Kelowna housing project for women escaping violence benefits organization supporting them | iNFOnews | Thompson-Okanagan's News Source

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Kelowna housing project for women escaping violence benefits organization supporting them

Executive director of Kelowna Women's Shelter Karen Mason, left, and Kelowna Mayor Colin Basran at a housing announcement for women and children escaping violence, Wednesday, Feb. 6, 2019.
February 06, 2019 - 3:48 PM

KELOWNA - Being able to display a more public face for Kelowna Women’s Shelter is just one of the benefits that will come when new transitional and supportive housing is built for women and children escaping violence in Kelowna.

A press conference today, Feb. 6, re-announced that a 40-unit building will provide transitional and permanent affordable housing for clients of the shelter but added no new details beyond what was sent out in a press release about the project in October.

What was new is that Karen Mason, executive director of the shelter, is hoping to move her office to the new facility.

“We hope to have this as a slightly more public-facing facility so we can have our offices and some programming out of this space as well,” Mason said.

Right now, she has to work out of the existing women’s shelter, the location of which is kept confidential because the women and children staying there are fleeing violent homes.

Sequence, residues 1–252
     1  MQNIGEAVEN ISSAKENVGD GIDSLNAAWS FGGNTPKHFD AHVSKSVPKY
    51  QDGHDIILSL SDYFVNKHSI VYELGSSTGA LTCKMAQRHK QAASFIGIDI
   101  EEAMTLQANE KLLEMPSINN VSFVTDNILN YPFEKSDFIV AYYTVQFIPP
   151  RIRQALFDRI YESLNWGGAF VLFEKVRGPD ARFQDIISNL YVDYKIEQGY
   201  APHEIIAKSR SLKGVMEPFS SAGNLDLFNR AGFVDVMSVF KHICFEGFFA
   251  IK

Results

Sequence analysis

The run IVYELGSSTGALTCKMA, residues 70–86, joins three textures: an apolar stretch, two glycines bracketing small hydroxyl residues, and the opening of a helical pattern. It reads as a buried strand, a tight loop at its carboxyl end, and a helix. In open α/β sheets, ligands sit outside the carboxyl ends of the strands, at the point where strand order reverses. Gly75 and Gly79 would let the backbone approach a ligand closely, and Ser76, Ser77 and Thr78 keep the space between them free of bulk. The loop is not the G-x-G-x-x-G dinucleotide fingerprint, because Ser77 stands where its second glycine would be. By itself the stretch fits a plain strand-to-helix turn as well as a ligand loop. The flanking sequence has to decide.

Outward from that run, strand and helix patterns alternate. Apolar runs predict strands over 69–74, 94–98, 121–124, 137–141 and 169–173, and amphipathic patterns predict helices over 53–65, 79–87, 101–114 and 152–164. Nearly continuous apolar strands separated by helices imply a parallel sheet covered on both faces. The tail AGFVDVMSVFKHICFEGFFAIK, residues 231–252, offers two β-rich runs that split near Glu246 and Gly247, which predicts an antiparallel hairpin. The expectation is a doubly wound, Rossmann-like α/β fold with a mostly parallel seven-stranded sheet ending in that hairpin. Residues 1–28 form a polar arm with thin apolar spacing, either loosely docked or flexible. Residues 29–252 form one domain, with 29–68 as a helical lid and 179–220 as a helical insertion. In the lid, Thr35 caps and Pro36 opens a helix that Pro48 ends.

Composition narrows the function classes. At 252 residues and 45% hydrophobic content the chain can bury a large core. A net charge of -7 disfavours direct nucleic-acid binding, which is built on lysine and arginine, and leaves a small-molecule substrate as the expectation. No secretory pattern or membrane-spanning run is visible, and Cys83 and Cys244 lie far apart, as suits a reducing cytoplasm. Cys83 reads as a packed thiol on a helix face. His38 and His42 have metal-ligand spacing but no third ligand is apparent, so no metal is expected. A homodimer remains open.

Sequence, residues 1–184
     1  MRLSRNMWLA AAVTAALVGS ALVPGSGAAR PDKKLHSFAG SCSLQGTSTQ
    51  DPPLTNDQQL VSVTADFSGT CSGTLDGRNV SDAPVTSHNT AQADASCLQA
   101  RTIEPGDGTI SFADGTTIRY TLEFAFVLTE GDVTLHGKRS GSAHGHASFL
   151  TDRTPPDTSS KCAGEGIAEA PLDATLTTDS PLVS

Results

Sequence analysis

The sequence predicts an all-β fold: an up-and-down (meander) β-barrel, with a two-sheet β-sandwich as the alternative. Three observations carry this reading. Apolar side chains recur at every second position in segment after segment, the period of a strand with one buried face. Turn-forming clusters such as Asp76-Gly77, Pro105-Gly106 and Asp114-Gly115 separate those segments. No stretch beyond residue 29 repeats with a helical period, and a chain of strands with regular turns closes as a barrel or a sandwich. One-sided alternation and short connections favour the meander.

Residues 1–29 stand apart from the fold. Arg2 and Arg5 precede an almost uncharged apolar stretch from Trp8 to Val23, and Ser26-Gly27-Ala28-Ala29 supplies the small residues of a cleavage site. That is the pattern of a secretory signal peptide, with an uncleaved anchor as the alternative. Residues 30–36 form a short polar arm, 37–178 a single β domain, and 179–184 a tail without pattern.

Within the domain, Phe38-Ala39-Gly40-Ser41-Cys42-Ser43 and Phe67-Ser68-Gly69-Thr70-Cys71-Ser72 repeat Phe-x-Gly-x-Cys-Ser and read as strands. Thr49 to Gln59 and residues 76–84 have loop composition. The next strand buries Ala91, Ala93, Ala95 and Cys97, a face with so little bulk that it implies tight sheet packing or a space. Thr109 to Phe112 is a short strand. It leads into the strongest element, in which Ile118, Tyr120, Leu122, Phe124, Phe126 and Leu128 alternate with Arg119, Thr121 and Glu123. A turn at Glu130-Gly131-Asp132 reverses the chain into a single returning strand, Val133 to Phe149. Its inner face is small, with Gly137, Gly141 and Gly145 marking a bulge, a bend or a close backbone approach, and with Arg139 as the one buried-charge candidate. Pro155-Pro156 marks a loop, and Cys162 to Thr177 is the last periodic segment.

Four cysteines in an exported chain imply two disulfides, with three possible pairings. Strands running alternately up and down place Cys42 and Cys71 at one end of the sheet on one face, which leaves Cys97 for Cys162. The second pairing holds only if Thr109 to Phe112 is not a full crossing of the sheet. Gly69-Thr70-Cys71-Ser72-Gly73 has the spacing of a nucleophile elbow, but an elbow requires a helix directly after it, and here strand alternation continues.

“When I have meetings, I go for coffee in the community,” Mason said. “Think about how much of my time is spent doing that. When people want to make donations right now, we send them to the Thrift Store, they drop things at the Thrift Store, we pick them up at the Thrift Store, we bring them back to the shelter.

“So this way, even just in terms of public education, we will have a space where we can have community classes to support women who may not have to stay with us in the shelter but need support to get out of a violent relationship.”

Such meetings can be held at the shelter but “everyone has to be top secret,” she said, adding that there are distractions with the office and residents being clustered so close together.

As was the case in October, negotiations continue in an effort for B.C. Housing to purchase land. Once that’s done the 40-unit building needs to be designed and built. That process could take a couple of years.

Unlike small rooms in supportive housing projects that have been launched in Kelowna in the last few months to help the homeless, these will be mostly two- and three-bedroom units. Mason hopes some might even have four bedrooms, since many of the residents will have children.

The shelter is supposed to allow women to stay only for 30 days, but it’s always full and many stay longer. It has 16 beds but about 240 women and children stay there for at least one night each year.

That shelter will remain but people will be able to move to the new building which will have transitional housing where they can stay up to 18 months. There will also be permanent affordable rental units.

Security will be provided on site for the safety of the women and children living there, Mason said.

When asked by why this project was being re-announced, Mitzi Dean, B.C.’s Parliamentary Secretary for Gender Equity, said it was done to help inform people of the services available in the community and to show that the government is strongly committed to the project.

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